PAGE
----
Going out to eat these days doesn’t always involve sitting down to a meal in a popular dining destination, or even wolfing down a burger or chicken tenders in a fast-food emporium.
Grabbing a bite with family or friends is not all about bricks and mortar anymore.
For years now, Napans have joined their Mexican-American brethren standing in line at various and sundry so-called taco trucks parked on highways and byways all over wine country, particularly in the City of Napa.
We’ve been told by experts our palate for street food is growing, evidenced by the food truck boom in big cities from coast to coast.
Last fall, the Culinary Institute of America at Greystone turned the spotlight on street food at its prestigious annual Worlds of Flavor conference, attended by big and little shots in the world of American gastronomy, from big name chefs to foodies from home and abroad.
This summer, an energetic member of a respected Carneros wine family, Ariel Ceja opened a downtown Napa eatery, Bistro Sabor, specializing in Latin American street food.
No longer just a trend on someone else’s turf, street food is really taking hold in wine country. For a while, Phat Salads was the sole alternative to curbside tortas and tacos.
In the past couple of months, Crossroad Chicken and Dim Sum Charlie’s have entered the food truck lineup in Napa, with one more, a slider venture called Mark’s The Spot, hitting the streets a few days ago.
Here’s a little background on these roving kitchens, who’s cooking, what’s on the menu and where you can find ’em:
“Make it ‘phat?’” Gia Sempronio asks a customer at her Phat Salads and Wraps truck.
“Phat” doubles the amount of protein she adds to the wraps and salads she makes up for a steady stream of customers who line up outside her truck, which she parks on California Boulevard in front of Healthquest gym, Monday through Saturday,
8:30 a.m. to 2:30 p.m.
It’s been almost four years since Sempronio pioneered the idea of opening a Napa food truck that wasn’t serving tacos.
“I’d been through a divorce,” said Sempronio, “and I was working three jobs.”
She was a fitness trainer and P.E. teacher and a limo driver. The first two jobs had sparked the idea of serving up fast but healthy food options. Driving a limo, she said, meant she spent a lot of time waiting for clients, and she used this to research her idea of a food truck where she could make and sell salads, wraps and soups.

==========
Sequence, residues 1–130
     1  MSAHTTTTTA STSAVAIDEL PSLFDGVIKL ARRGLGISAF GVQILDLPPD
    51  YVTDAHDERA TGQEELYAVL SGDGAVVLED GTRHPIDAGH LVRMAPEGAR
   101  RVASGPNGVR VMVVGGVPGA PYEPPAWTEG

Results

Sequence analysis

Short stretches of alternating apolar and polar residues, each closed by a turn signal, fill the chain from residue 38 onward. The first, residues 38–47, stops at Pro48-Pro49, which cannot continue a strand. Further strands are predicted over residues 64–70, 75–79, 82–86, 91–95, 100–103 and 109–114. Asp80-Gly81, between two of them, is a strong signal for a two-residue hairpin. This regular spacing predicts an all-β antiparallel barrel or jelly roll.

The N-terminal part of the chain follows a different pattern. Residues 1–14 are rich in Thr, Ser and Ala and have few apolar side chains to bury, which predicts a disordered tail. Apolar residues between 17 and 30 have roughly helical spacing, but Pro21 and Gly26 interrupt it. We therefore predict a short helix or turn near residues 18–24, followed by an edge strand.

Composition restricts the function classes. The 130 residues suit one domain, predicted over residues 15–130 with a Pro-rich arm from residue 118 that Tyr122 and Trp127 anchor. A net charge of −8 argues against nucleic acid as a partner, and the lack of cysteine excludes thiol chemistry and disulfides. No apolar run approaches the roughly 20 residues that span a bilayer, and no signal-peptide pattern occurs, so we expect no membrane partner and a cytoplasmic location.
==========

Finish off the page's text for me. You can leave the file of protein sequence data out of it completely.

The biggest obstacle, she said, was finding a truck. “I kept looking online,” she said, “but most of the ones available were pretty dilapidated. I needed a lot of refrigeration — healthy foods was really my priority.”
Finally, she said, she took her savings, flew to Los Angeles and put down a deposit on a truck built to the specifications she needed. “Three months later this 18-wheeler pulled up in front of my house and I thought, ‘Oh, God, I’ve really done it.’
“I’d had years of restaurant experience,” she said, “but it was all front of the house, serving, managing — and I’d worked a long time as a bartender.”
She put all her skills to work in her one-person operation. Four years later, she has built up a following of ‘Phat fans’ for her menu, which include the “New Yorker,” “Caesar,” “BLT” “Asian” and “Santa Fe” wraps or salads, along with freshly made tortilla soup and kids menus. In the morning she serves breakfast wraps from 8:30 to 10:30.
“It’s part of the bartender thing,” she said, “to know your customers and know, ‘You want the New Yorker, right?’”
It’s hard work she said, but she’s enjoying it. “I’m just grateful to have my own business — to have a job and to have customers who keep coming back — and new ones too.”
When his chef/wine educator position at Acacia Winery was eliminated after 11 years, Kevin Simonson took his culinary talents on the road — literally.
Teaming up with his wife, Sandy, and brother, Colin, Simonson outfitted a truck with a wood-fired oven as a traveling kitchen for his new venture, Crossroad Chicken.
You can find Kevin — and two or three days a week brother Colin washing dishes and helping prep — and his goodies-laden truck parked at 1050 Soscol Ferry Road, south of Napa.